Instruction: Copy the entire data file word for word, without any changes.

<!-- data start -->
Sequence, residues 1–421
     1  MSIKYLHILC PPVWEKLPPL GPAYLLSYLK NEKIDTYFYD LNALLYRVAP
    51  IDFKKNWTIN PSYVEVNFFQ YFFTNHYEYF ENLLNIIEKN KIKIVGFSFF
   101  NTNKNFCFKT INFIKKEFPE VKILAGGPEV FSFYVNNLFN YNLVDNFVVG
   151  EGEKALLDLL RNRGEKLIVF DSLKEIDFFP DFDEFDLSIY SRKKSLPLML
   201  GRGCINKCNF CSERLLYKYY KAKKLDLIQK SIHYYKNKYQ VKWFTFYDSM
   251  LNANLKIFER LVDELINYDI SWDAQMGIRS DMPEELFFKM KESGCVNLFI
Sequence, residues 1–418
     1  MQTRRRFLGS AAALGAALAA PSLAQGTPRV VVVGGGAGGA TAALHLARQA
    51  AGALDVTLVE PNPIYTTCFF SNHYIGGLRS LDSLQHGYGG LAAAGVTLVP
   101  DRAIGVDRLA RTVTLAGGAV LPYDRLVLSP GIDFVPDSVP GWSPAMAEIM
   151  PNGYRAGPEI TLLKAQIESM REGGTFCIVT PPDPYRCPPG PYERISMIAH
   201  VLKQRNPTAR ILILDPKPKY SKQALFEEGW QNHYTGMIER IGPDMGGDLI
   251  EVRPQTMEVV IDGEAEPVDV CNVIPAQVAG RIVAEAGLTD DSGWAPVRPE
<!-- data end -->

Sequence, residues 1–421
     1  MSIKYLHILC PPVWEKLPPL GPAYLLSYLK NEKIDTYFYD LNALLYRVAP
    51  IDFKKNWTIN PSYVEVNFFQ YFFTNHYEYF ENLLNIIEKN KIKIVGFSFF
   101  NTNKNFCFKT INFIKKEFPE VKILAGGPEV FSFYVNNLFN YNLVDNFVVG
   151  EGEKALLDLL RNRGEKLIVF DSLKEIDFFP DFDEFDLSIY SRKKSLPLML
   201  GRGCINKCNF CSERLLYKYY KAKKLDLIQK SIHYYKNKYQ VKWFTFYDSM
   251  LNANLKIFER LVDELINYDI SWDAQMGIRS DMPEELFFKM KESGCVNLFI
Sequence, residues 1–418
     1  MQTRRRFLGS AAALGAALAA PSLAQGTPRV VVVGGGAGGA TAALHLARQA
    51  AGALDVTLVE PNPIYTTCFF SNHYIGGLRS LDSLQHGYGG LAAAGVTLVP
   101  DRAIGVDRLA RTVTLAGGAV LPYDRLVLSP GIDFVPDSVP GWSPAMAEIM
   151  PNGYRAGPEI TLLKAQIESM REGGTFCIVT PPDPYRCPPG PYERISMIAH
   201  VLKQRNPTAR ILILDPKPKY SKQALFEEGW QNHYTGMIER IGPDMGGDLI
   251  EVRPQTMEVV IDGEAEPVDV CNVIPAQVAG RIVAEAGLTD DSGWAPVRPE